and positive ions.
                     a. This tension is called the resting potential.
                     b. The resting potential of a neuron is about -70mV.
                     c. At rest the neuron is said to be in a polarized state.
                     d. The resting potential is released when a neuron is stimulated to
                         fire.
             3. When it is stimulated, the polarity of the nerve cell changes and the
                 process is called depolarization.
                     a. The action potential is the short-lived electrical burst caused
                         by the sudden reversal of electric charges inside and outside a
                         neuron in which the inside becomes positive (about +40 mV).
                     b. The neuron becomes hyperpolarized during the refractory
                         period and cannot fire.
                     c. Eventually, the membrane returns to normal restoring the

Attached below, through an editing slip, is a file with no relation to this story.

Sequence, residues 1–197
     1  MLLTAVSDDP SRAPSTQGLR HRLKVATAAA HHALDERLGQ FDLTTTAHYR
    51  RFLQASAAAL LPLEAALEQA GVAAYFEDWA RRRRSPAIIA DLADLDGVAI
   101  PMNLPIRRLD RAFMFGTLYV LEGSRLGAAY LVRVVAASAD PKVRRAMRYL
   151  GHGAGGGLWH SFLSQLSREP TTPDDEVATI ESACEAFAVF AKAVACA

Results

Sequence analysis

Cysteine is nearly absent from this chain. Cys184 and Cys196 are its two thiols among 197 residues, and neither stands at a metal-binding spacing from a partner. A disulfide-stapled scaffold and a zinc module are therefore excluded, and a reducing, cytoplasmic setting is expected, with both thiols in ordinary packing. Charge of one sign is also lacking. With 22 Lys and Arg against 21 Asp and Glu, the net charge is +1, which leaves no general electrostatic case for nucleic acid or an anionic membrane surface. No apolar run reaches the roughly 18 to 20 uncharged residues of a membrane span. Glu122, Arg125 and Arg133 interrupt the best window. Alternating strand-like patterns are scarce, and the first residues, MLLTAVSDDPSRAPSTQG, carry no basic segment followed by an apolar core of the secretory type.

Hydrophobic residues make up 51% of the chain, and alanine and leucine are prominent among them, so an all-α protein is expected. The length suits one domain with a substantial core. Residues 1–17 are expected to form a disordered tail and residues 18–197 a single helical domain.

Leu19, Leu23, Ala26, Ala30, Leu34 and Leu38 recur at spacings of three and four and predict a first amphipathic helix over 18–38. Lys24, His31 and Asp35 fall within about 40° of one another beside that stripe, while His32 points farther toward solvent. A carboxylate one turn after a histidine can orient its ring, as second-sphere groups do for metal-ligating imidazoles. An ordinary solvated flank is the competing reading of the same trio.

normal distribution of ions across the cell membrane.
       D. A neuron either fires or it does not—an observation called the all-or-none
          principle.
       E. The neural threshold is the minimum amount of stimulation needed to fire a
          neuron.

IV. From One Neuron to Another: The Synapse
       A. The synapse is where one neuron communicates with other cells.
       B. The synaptic cleft is the space between a neuron and the next cell at a
          synapse.

V. Synaptic Transmission
      A. Vesicles are small containers concentrated in a neuron’s axon terminals that
          hold neurotransmitter molecules.
      B. Neurotransmitters are chemical molecules released at the synapse that, in
          general, will either excite or inhibit a reaction in the cell on the other side of
          the synapse.
      C. Receptor sites are places on a neuron where neurotransmitters can be
          received.
              1. It is the interaction of neurotransmitter and receptor site that causes
                 inhibition or excitation.
              2. Once released form their receptor sites, neurotransmitter are either
                 destroyed by enzymes, or taken back up into the neuron from which
                 they came, a process called reuptake.

VI. Neurotransmitters
      A. Today, we know of nearly 100 neurotransmitters, and there are many yet to be
          discovered.
      B. There are probably more than 1,000 kinds of neurotransmitter receptors.



                                              2
             1. There are subtypes of receptor sites for brain chemicals.
             2. The search for and identification of these receptor sites has become